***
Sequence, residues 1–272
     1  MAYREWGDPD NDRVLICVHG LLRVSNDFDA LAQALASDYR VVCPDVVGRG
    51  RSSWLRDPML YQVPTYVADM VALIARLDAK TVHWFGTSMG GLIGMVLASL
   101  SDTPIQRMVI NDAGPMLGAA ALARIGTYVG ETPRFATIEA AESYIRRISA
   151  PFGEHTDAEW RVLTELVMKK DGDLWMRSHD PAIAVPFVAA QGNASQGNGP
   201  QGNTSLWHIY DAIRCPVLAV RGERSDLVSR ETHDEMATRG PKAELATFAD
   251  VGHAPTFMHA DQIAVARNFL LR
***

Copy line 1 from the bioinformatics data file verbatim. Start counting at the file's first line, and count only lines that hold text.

Sequence, residues 1–272